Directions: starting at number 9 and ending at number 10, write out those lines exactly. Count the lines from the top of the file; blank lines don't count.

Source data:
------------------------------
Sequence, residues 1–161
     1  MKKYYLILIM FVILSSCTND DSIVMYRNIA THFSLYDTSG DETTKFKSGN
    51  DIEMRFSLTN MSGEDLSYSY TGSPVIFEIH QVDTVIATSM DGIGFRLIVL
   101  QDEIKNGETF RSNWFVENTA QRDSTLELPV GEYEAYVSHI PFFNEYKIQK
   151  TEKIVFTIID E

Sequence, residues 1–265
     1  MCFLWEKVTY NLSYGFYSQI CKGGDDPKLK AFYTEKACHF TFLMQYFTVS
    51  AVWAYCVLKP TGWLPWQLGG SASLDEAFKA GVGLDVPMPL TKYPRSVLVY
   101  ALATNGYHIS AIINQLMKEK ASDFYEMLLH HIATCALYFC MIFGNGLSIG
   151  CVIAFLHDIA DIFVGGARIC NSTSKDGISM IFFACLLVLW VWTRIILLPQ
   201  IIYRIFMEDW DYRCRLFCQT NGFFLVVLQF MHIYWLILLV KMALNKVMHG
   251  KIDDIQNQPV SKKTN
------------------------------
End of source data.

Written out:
   101  ALATNGYHIS AIINQLMKEK ASDFYEMLLH HIATCALYFC MIFGNGLSIG
   151  CVIAFLHDIA DIFVGGARIC NSTSKDGISM IFFACLLVLW VWTRIILLPQ